During a recent webinar I gave about our strategy, Lassi Kurkijärvi (Director of Innovation & Development) was voted to have the sexiest job at Sanoma. This victory was by a comfortable margin, getting about twice as many votes as the second placed “my own job”. I agree that our Mobile Superhero has got a hot job. However, in my view, the sexiest jobs at Sanoma in the next few years will be those of the Data Scientists.
I realize not everybody will share my view and I am arguably biased due to my background (a lot of Bioinformatics in my PhD). Yet I believe there’s a big opportunity for us to be even more relevant to our customers (and make more money) by providing them more accurately with the right content and functionality at the right time, on the right medium and device and for the right price. (By customers, I mean consumers of media, advertisers, learners and teachers).
To do this, we have to make a quantum leap forward in our insights and analytics capabilities. This week I caught up with our Queen of the Quants – Ulla Kruhse-Lehtonen (VP, Customer Insight and Analytics) about insights and big data at Sanoma. She’s a brilliant addition to my team, fun to work with, fast, determined and has the brain the size of a planet. She’s building our new team and co-developing the cases with the business owners.
Ulla, why did you decide to join Sanoma?
I was immediately intrigued when I heard about the opportunity. Having always been an avid reader and a magazine buff, I was fascinated by the chance to work for a company whose business is storytelling. At Sanoma, I can combine my love for stories with data science, which is my other passion.
I’m excited by Sanoma’s wealth of consumer data and the business opportunities it provides. The media industry is currently undergoing a fundamental transformation from print and broadcasting to digital. Consumer analytics is at the centre of the transformation. Modern data mining, visualization, and machine-learning techniques provide us with strategic and operational insights as well as targeting and personalization capabilities for our current and future products and businesses. Data science helps us create unique, relevant and exciting experiences for our customers.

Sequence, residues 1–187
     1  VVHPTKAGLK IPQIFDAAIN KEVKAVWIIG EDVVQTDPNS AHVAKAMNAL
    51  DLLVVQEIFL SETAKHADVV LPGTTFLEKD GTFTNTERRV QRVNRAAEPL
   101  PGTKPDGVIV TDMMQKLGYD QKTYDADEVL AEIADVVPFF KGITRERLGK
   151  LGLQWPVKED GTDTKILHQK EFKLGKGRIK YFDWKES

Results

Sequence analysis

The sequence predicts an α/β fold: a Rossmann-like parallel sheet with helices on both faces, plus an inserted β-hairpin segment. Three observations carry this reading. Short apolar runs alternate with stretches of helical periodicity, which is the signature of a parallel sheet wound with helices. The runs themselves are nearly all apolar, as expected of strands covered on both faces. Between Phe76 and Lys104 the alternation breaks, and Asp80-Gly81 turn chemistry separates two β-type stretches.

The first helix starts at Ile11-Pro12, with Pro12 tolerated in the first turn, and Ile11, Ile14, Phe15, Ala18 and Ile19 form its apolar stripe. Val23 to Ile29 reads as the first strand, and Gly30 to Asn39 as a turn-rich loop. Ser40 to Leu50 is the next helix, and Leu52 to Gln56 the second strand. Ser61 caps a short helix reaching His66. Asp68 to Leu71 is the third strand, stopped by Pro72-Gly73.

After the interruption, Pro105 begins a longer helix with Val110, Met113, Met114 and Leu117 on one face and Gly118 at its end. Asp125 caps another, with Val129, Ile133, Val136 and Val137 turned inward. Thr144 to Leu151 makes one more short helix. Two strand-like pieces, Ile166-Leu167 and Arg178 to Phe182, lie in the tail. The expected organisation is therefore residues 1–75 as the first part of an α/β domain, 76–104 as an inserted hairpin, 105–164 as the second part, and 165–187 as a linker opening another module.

How is Sanoma rolling out the new data science capabilities?
The new capabilities are used to optimize consumer sales, target digital advertising, personalize services, and create strategic consumer metrics and other data-driven insights. The data science team develops the capabilities in close collaboration with the respective business and IT functions. Roll-out happens in stages. Only after verifying the performance of the new analytics capability through a pilot, will it be rolled out further. This helps us ensure the success of the new capability before making large-scale investments into technology and training people.
We also aim at creating a culture of sharing and communicating of successes and failures in order to share best practices and learnings across units.
What is the most critical factor for making a Big Data initiative successful?
The most critical factor is to closely align data, insights and analytics activities with the company’s business strategy. It’s easy for an analytics team to keep itself busy with interesting and challenging, yet irrelevant matters. Once Data Scientists thoroughly understand the business goals and logic, they will be able to translate them into data and analytics questions and come up with unexpected, sometimes unintuitive outcomes, which may have tremendous business opportunities.
At Sanoma, the executive-level support for analytics is extremely strong, which is one of the most pivotal matters for a successful analytics transformation of a company.